Albert Strange Newsletter
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March 2017
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Newsletter of The Albert Strange Association
Albert Strange Association January Newsletter

Hi <<First Name>>,

Greetings Strangers,
There is a sense in which like minds are not strangers, more so in this case.  Strange thoughts.

I believe most of you have seen our effort for rescuing Tally Ho gearing up with a JustGiving appeal under way.  Research is also ongoing into the cost of transport, land and sea.  Member Rupert Ayton, out of Portland, Oregon, has been investigating options for storage and restoration in the Pacific Northwest, much appreciated.  Tally Ho needs all the help we can get!

The ASA AGM convenes in a few days with 21 signed up as attending.  Should be fun in Scarborough with the Friends of Albert Strange exhibition ongoing at the Scarborough Art Gallery, with smaller display in the Library.  These Yorkshire types have just come from the exhibition opening and seem to be having fun. 

 I expect a Facetime connection to the big meeting but will miss out on the other fun.  I do look forward the more productive discussion and decision making however.  If you can’t make the big Meeting you have some months still to make your way to Scarborough to celebrate Albert Strange on the centenary of his death.

This has been a strange winter here in New England.  Warm/mild most all of January.  Winter with snow and cold the first two weeks of February, then (contrary to the fabled groundhog’s prediction) warm again the the rest of February with a few days over 60 degrees F here above 1300ft elevation where I write.  Thunder storms of rain the last couple of days.  Strange.  Makes me want to have that Strange boat in the water for some New Year’s sailing.  Well it will be coming soon!



Thad Danielson

ASA Hon Sec

You can view Thad’s blog here, and read his story of the first three Fastnet races.
F R I E N D S  OF  A L B E R T  S T R A N G E  E X H I B I  T  I O N
By Patrick Argent
An exhibition commemorating the 100th anniversary of the death of the renowned artist, writer, teacher and yacht designer Albert Strange was opened at Scarborough Art Gallery with the attendance on Friday, by his great grand-daughters Wendy Bowers and Kate Fozard.

With speeches from co-organiser Austen Sleightholme and Wendy Bowers, the exhibition staged in the gallery's Community Room, recounts Strange's prolific life and legacy including his career of 35 years as the first Head of Scarborough Art School.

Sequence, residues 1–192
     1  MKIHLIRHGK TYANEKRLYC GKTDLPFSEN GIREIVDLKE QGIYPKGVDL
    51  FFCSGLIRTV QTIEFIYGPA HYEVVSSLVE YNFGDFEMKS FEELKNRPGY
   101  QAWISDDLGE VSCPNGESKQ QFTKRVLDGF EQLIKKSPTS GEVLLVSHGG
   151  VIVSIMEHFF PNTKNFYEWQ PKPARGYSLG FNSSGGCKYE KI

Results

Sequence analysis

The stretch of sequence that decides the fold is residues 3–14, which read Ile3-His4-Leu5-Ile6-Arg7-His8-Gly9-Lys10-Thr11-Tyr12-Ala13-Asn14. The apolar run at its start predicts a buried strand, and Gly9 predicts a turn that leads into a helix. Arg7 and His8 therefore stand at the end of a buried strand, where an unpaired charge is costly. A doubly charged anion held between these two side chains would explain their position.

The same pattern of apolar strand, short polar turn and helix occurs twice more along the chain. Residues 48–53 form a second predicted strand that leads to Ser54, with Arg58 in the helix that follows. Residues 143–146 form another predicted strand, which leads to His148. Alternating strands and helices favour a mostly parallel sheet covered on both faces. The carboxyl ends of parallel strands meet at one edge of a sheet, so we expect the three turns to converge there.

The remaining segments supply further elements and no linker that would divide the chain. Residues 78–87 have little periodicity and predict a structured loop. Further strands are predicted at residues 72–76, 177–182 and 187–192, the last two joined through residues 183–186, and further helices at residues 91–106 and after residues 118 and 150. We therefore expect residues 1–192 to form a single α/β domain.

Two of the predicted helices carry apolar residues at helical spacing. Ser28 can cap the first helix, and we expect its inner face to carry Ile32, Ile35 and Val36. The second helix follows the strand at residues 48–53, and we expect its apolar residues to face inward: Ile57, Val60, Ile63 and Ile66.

Member of the Albert Strange Association Austen Sleightholme commented:
"Having both studied and taught at the School of Art I discovered through the Albert Strange Association the legacy that had been left by him. Generally little is known of him by generations of past students who have attended the School and indeed by the general public.
He was tremendously talented artist and designer who during his thirty five years as the first Head of Scarborough School of Art spent his time encouraging all those who sought his help."

Albert Strange's great-granddaughters Wendy Bowers and Kate Fozard jointly said:
"Our family is honoured to be part of this celebration of Albert's life and achievements. We are grateful to all those who have worked so hard to bring the exhibition to fruition"

The exhibition at the Art Gallery is on view until Sunday 19th March from 10.00am - 5.00pm (Tuesday to Sunday).
An accompanying exhibition "Three Men and Their Boats", featuring creative work of three members of the Humber Yawl Club (Albert Strange, George Holmes and John Henry Lonsdale) which includes examples of drawings, paintings and printmaking, is also on display to the public at Scarborough Library until Saturday 18th March.

Picture caption:

From left:
Exhibition co-organiser John Hobson, Albert Strange's great-granddaughters
Kate Fozard and Wendy Bowers and co-organiser Austen Sleightholme.

I have a water colour on the lounge wall of a fishing boat on a beach somewhere in Scotland and it is signed Albert Strange, who happens to be my great grandfather on my father's side of the family. I have often wondered if my children and I have inherited our love of Scotland from him, but other than the fact that I knew he had been an art master at Scarborough Art School and had designed some yachts, I knew little about him. He died before my father was born and really was not mentioned much at all.

Recently however; maybe due to the fact that my Dad is gone and my Mum's memory is fading fast, I have been wondering about my ancestors and so I googled Albert Strange.

Imagine my surprise when I discovered that there is an Albert Strange Association with members all over the world and a Friends of Albert Strange Society based in Scarborough. Seemingly 9 of the yachts built using his designs are still sailing from harbours around the world, the oldest being 113 years old!

I contacted the Friends of Albert Strange and to cut a long story short, found myself speaking to approximately 50 people yesterday evening at Scarborough Art Gallery and with my sister, officially opening a month long exhibition to celebrate his work and his life.